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Eur J Clin Invest. 1999 Jun;29(6):478-83.

An angiotensin-converting enzyme gene polymorphism suggests a genetic distinction between ischaemic stroke and carotid stenosis.

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Karolinska Institutet at Huddinge University Hospital, Huddinge, Sweden.



Ischaemic cerebrovascular disease (ICVD) is a heterogeneous syndrome to which different genetic factors may contribute. We have investigated the distribution of alleles of the angiotensin-converting enzyme (ACE) gene, which has been suggested to be of possible importance in ischaemic stroke or cardiovascular disease, in groups of patients with ischaemic stroke and carotid artery stenosis (CS).


One hundred and thirty patients with ischaemic stroke and 68 patients with more than 50% stenosis of the internal carotid artery were investigated and compared with age- and sex-matched healthy control subjects. Alleles of an insertion/deletion polymorphism of the ACE gene were determined by one-stage polymerase chain reaction and visualized on agarose gels.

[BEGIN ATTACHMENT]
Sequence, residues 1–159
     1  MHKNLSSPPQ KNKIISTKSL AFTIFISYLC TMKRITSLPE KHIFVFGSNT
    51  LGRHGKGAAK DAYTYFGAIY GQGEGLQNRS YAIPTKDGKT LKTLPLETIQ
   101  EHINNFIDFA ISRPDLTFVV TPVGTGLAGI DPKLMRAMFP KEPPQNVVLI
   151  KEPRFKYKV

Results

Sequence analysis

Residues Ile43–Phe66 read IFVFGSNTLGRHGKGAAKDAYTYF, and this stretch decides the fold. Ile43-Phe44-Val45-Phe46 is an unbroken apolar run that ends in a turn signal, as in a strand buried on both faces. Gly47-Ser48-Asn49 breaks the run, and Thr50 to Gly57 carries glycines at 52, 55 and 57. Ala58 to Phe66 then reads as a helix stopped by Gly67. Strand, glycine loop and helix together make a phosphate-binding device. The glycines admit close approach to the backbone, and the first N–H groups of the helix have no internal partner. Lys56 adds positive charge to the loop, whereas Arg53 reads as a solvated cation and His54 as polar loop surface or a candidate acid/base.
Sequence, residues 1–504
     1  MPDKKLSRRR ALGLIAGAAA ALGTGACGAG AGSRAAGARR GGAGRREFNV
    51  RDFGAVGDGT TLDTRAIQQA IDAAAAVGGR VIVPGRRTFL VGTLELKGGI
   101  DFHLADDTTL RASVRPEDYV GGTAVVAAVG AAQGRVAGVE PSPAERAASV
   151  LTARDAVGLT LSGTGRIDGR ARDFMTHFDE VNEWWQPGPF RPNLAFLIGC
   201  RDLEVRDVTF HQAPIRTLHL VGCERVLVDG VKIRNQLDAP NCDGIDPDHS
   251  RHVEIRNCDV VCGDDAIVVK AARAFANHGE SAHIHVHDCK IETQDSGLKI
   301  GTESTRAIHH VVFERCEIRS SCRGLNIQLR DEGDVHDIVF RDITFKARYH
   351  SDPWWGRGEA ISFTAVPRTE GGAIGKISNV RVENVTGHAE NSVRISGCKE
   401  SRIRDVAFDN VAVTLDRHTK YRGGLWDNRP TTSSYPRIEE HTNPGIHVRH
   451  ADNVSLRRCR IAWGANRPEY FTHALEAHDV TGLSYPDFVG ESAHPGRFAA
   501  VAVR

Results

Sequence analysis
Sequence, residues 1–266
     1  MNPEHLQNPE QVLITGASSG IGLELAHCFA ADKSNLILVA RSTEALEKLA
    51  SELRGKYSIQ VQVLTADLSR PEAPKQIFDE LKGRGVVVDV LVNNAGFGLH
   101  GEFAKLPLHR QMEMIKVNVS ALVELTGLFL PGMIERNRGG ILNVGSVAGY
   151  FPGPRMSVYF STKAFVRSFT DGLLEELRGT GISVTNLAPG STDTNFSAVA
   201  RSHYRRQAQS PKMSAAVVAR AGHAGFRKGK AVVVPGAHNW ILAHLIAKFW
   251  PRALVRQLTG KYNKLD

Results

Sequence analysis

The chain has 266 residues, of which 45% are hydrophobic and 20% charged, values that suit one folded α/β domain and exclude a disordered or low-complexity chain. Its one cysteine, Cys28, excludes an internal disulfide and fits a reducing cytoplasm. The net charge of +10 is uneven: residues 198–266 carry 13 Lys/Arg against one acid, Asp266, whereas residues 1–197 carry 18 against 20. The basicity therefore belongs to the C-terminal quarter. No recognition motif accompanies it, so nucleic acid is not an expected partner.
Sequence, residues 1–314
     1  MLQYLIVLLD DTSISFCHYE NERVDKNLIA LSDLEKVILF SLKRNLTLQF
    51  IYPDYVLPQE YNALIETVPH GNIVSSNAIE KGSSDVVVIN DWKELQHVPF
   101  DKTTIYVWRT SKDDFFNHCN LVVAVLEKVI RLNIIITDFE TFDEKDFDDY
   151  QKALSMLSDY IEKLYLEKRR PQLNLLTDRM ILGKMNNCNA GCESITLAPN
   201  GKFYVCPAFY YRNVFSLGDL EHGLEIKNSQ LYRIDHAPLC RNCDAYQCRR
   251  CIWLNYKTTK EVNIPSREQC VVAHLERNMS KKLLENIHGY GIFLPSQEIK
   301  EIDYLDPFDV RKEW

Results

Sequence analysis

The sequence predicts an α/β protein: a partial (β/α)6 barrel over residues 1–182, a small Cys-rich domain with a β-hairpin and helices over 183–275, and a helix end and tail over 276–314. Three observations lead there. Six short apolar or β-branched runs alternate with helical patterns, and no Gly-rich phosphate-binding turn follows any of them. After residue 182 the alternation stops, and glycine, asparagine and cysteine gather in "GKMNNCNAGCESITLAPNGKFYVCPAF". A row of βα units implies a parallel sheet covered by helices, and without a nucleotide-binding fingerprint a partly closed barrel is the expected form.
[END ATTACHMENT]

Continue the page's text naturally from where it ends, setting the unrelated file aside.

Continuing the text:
There was a significant difference (P < 0.05) in the distribution of ACE alleles, homozygosity for the presumed susceptibility deletion allele being more common in patients with CS than in healthy control subjects. There was also a significant difference (P < 0.05) in patients with CS in comparison with matched ICVD patients without CS, both in allelic frequencies and in homozygosity for the deletion allele.


Our results indicate that the ACE gene polymorphism may be a risk factor for the development of CS. The observed difference in ACE allele distribution may be seen as evidence for a genetic distinction between ICVD and CS, two clinically related conditions, which further supports the hypothesis that genetic factors are of importance for this group of diseases.

[Indexed for MEDLINE]

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